Lowell Collaborative Workspaces Expand Thanks to Transformative Development Initiative Grants
August 5, 2015
FOR IMMEDIATE RELEASE
Kelsey Abbruzzese, MassDevelopment, 617-330-2086 & 617-448-9077 (cell)
John Noto, Lowell Makes, 978-251-4554
Diana Jaye Coluntino, New Vestures, 617-697-9560
As part of its Transformative Development Initiative (TDI) Cowork Program, MassDevelopment has awarded $312,000 in grants to two community makerspaces in downtown Lowell. The $162,000 grant to Lowell Makes will help the nonprofit makerspace expand its workshop up to the first floor of Lee Street, developing new spaces for retail, workstations, precision measuring tools, and 3D printing. The expansion will also create the Merrimack Valley Center for Industry & Art, which will offer classes in foundational math and computer skills, drafting, 3D modeling, and manufacturing software. Lowell Makes houses three businesses, all involving several members. Members companies include Eeldrytch Leather, GiveWave Studios and Random Wire Technology.
MassDevelopment also provided a $150,000 grant to New Vestures, a fashion and textile arts makerspace and incubator. The organization is using grant funds to move into the vibrant Mill No. 5 development in the heart of Lowell’s Jackson/Appleton/Middlesex (JAM) district. The Mill No. 5 space gives New Vestures 50 percent more space for a total of 3,000 square feet. The move also clusters New Vestures with other creative and innovation organizations in Lowell, including UML Innovation Hub, while keeping the makerspace close to textile-related nonprofits such as the American Textile History Museum, Tsongas Industrial History Center, Lowell Makes, and the New England Quilt Museum.
“The Merrimack Valley continues to attract creative, collaborative entrepreneurs, and Lowell Makes provides ample resources for artists, engineers, makers, and thinkers,” said MassDevelopment President and CEO Marty Jones. “MassDevelopment grants through TDI Cowork help expand the growing shared economy. We’re pleased to work with Lowell Makes, New Vestures, and other collaborative workspaces to spur the innovation economy in Gateway Cities.”
“Lowell Makes stands at Lowell’s nexus of art and education, and we’re thrilled this grant will help us further capitalize on that position,” said Lowell Makes co-founder John Noto. “When Kamal, Eric, and I founded this makerspace, we hoped local entrepreneurs would see the many opportunities that exist in community workspaces. I know Kamal would have enjoyed seeing the many more creative minds that will come through Lowell Makes thanks to these funds. We look forward to building on our great foundation in downtown Lowell.”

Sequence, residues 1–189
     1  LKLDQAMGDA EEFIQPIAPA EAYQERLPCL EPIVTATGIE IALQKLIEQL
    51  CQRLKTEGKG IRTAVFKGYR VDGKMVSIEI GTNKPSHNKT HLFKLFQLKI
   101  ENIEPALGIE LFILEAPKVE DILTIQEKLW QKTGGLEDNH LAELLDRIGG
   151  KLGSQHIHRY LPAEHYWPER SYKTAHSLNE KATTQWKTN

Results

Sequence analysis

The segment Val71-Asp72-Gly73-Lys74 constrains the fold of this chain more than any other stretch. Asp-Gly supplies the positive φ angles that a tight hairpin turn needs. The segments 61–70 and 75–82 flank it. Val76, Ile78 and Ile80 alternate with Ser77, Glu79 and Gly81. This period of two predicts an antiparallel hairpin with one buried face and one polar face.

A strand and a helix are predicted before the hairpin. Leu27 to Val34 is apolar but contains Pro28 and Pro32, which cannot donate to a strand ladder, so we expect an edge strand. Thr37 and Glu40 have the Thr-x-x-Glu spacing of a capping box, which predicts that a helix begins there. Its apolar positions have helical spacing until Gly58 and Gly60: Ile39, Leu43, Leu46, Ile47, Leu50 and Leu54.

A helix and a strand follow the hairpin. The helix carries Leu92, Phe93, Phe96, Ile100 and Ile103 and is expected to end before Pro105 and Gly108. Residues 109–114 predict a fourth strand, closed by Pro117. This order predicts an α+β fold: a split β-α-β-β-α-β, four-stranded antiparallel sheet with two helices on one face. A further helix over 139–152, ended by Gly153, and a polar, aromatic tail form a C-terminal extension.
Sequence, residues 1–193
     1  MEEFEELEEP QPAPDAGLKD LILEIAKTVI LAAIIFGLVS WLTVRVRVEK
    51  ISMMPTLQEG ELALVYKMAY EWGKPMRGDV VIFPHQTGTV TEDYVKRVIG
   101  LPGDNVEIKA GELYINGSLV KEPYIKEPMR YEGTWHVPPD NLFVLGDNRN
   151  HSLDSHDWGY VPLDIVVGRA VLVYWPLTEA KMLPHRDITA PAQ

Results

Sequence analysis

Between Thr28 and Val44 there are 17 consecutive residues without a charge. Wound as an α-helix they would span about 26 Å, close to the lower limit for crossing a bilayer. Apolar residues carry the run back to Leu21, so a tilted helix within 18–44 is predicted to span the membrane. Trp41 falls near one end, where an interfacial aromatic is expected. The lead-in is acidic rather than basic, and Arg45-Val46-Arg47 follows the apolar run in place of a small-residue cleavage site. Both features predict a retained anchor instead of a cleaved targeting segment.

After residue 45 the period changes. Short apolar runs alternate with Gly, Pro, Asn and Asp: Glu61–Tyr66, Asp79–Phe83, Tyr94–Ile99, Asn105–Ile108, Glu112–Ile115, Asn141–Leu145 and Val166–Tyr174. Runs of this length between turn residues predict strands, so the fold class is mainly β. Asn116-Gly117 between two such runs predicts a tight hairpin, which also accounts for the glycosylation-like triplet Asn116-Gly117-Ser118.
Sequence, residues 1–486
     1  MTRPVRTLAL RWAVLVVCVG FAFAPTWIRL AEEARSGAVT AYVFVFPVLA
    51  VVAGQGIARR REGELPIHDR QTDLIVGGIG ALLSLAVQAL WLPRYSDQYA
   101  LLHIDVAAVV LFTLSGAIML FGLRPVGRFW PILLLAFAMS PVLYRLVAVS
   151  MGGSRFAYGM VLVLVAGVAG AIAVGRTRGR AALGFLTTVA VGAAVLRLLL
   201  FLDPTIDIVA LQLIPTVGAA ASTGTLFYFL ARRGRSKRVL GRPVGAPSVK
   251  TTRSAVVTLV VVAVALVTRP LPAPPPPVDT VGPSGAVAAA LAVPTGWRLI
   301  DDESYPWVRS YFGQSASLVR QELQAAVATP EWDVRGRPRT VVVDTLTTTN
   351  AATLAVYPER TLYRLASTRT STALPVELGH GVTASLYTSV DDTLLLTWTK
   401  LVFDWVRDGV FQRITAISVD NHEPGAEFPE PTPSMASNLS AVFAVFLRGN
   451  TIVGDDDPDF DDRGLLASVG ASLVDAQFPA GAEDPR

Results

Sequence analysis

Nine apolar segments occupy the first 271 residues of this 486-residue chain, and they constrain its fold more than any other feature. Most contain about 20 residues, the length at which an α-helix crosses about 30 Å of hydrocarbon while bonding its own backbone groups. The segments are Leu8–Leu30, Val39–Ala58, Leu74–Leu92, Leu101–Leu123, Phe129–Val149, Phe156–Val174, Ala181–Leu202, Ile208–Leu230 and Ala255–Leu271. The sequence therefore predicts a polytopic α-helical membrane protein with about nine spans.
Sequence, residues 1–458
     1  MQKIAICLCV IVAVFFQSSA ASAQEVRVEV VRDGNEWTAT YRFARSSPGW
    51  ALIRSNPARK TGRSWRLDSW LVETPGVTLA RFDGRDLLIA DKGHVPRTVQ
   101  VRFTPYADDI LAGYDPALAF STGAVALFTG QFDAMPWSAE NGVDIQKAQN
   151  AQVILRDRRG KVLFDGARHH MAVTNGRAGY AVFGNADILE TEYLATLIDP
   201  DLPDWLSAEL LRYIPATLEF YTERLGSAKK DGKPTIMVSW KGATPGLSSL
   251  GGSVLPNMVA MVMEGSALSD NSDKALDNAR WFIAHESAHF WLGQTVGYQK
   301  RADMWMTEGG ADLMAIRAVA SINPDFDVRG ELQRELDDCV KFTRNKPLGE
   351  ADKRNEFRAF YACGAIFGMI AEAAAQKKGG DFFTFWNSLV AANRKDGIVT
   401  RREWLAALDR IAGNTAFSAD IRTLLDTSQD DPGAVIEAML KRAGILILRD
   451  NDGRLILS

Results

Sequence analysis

“New Vestures is honored and thrilled to have been chosen for a TDI award,” said New Vestures Founder/Director Diana Jaye Coluntino. “As a makerspace/incubator specializing in fashion/textile innovation, New Vestures is delighted to be located in Lowell, the home of the industrial revolution. In that spirit, we are committed to re-igniting that revolution by inspiring changes in the way we manufacture and consume apparel and textile products. New Vestures is committed to providing designers, makers, learners and entrepreneurs with affordable space and resources. Our goal is to grow and educate a community of designers, innovators and entrepreneurs who believe that creative, sustainable design and manufacturing practices will improve lives and better the world.”
In December, the Commonwealth and MassDevelopment announced a fit-out award of $150,000 to Groundwork! in New Bedford, which is under construction. MassDevelopment also provided seed grants of up to $5,000 to help the startup feasibility of the following collaborative workspace projects:
- Gateway City Arts, Holyoke
- Cowork Springfield, Springfield
- Shire City Sanctuary, Pittsfield
- Springfield Innovation Café, Springfield
- E for All, Lawrence
- Quincy Innovation Center, Quincy
In the initial year of the program, TDI provided resources for all Gateway Cities with Cowork grants for innovative collaborative workspaces, and small Placemaking grants of $1,000 to $10,000 for small-scale projects supportive of district visions to help build community identity while supporting improvement of public spaces—such as pocket parks, pop-up stores, community gardens, and farmers’ markets. In 2013, MassDevelopment commissioned and released a report on makerspaces that includes an inventory of the industry.
MassDevelopment, the state’s finance and development agency, works with businesses, nonprofits, financial institutions, and communities to stimulate economic growth across the Commonwealth. During FY2014, MassDevelopment financed or managed 314 projects generating investment of more than $2.9 billion in the Massachusetts economy. These projects are projected to create more than 6,300 jobs and build or rehabilitate more than 1,600 residential units.